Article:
From WAGS Wiki
Jump to: navigation, search

I want to preface this section with a couple of notes:

  1. Dogs are not perfect. Nobody's dogs are perfect. When I first started getting into training, I thought that professional trainers' dogs must surely be impeccably behaved near-robots who never barked at strangers, always executed their cues with total precision on the first request, and probably didn't even shed. Yeah, no. Turns out they bark and blow off commands and leave hairballs everywhere, just like my mutts. Dogs are dogs. Expect them to act like it.
  2. Most troubleshooting in foster care is about management. The dogs that come through WAGS generally do not have serious behavioral issues. Most of what you'll be dealing with is relatively simple stuff: chewing, counter surfing, nuisance barking, and so forth. These issues are best dealt with by not giving the dog a chance to practice bad behaviors, i.e., by managing his environment to keep him out of trouble. That's really all you have to do; nuisance behaviors tend to die out on their own if the dog doesn't have the chance to practice and get reinforced for them.
  3. Reward good behavior. Whenever you catch your dog doing something right, reward her. If you've been having a problem with jumping, and one day your dog looks at you quietly with all four feet on the ground, praise her! Pet her, hand over a treat, toss her favorite ball a few times -- whatever she likes, do it. Always reinforce good behavior, even if it's just with approving eye contact and a quiet touch. If you only reward your dog for sitting after she jumps on you, that's the only time she'll ever do it... and what you'll have trained will be not a polite Sit as greeting, but a Jump-and-Sit sequence. Every interaction with your foster dog trains her to do or not do something, whether you intend it or not. Be mindful of that, and always be willing to reward any behavior you want to see again.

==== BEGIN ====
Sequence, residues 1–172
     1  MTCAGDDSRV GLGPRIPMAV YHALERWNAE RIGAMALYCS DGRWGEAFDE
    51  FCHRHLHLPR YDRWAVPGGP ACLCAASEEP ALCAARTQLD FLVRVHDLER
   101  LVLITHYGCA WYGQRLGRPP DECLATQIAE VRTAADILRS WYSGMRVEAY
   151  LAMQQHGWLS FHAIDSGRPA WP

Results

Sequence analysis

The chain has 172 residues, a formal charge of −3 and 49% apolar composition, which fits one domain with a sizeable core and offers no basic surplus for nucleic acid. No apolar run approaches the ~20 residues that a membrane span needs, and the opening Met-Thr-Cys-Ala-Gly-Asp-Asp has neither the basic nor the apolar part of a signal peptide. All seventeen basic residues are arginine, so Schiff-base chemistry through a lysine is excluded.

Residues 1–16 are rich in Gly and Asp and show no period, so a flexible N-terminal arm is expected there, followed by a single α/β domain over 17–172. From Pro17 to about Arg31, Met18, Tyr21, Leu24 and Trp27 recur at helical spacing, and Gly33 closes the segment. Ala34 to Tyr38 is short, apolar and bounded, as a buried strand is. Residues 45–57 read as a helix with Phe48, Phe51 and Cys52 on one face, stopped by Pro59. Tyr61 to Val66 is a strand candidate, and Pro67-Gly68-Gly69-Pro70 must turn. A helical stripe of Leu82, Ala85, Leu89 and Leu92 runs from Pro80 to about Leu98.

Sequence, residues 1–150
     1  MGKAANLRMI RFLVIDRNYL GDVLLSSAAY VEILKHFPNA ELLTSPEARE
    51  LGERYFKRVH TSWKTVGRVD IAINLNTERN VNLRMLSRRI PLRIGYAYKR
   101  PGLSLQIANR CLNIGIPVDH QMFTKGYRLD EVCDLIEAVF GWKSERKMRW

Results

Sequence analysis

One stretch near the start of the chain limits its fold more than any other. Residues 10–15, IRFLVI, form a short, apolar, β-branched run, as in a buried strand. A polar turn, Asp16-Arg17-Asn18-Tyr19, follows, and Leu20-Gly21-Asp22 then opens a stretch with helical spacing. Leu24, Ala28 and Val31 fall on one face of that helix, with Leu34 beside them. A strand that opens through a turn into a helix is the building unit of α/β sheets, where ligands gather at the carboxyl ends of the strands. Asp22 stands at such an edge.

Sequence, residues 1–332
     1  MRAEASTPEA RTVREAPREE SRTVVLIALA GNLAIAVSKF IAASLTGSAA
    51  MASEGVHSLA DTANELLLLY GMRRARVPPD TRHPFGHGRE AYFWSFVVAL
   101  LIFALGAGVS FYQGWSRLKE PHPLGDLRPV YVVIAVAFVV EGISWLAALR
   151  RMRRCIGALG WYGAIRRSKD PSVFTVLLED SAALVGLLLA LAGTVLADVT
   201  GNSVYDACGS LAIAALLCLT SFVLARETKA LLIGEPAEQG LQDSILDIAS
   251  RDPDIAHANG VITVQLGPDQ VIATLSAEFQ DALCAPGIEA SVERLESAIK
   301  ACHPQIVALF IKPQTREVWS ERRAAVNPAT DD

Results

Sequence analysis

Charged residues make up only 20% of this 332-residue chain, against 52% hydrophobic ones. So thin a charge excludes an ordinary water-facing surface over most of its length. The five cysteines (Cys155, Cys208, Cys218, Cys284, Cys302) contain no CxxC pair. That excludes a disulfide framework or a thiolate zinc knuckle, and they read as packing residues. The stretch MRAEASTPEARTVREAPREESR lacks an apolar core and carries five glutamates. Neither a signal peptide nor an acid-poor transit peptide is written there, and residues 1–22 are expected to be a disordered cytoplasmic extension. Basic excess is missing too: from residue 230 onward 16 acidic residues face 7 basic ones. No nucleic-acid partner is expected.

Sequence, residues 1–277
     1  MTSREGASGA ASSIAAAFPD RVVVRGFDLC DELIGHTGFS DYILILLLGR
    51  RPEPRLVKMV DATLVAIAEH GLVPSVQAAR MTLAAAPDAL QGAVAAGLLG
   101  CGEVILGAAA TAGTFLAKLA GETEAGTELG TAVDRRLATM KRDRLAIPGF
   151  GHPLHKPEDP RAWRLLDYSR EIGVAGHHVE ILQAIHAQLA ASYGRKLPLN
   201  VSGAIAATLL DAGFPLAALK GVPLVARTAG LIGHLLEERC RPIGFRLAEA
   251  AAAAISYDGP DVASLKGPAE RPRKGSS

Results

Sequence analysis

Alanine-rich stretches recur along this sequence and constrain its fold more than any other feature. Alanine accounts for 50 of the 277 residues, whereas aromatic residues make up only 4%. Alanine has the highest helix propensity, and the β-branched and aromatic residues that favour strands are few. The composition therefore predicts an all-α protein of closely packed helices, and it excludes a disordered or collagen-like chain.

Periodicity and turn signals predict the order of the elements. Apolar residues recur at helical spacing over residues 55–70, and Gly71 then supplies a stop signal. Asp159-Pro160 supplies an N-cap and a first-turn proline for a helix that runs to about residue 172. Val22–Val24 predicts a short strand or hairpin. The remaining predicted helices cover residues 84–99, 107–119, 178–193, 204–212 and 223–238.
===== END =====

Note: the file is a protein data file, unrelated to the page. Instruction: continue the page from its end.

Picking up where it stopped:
Lucky, a hound mix abandoned by her owner and pulled from Liberty County AC by Carpathia Paws in November 2011

In the unlikely event that you end up with a dog whose issues go deeper than the basic problems discussed here, please consult with your foster coordinator. Severe fearfulness, aggression, or separation anxiety may warrant professional intervention and are certainly beyond the scope of what the average foster caregiver should be asked to handle. Under no circumstances should you have to keep a dog whose behavior puts you, your household, or the dog herself in danger.

Also, please do not hesitate to reach out if you are feeling overwhelmed by any problems. If they're causing you serious stress, they're not "minor" issues -- and please believe me when I say that it is much, much easier to intervene before a behavioral problem develops into a habit. It's never too early to ask for help if you have any cause for alarm.

You can always rely on the foster network for advice, help, or just to vent. We all love our foster furballs very much, but we also all recognize that they can be a giant pain in the ass sometimes.

With that in mind, here's a quick guide to troubleshooting some of the most common problems you may encounter.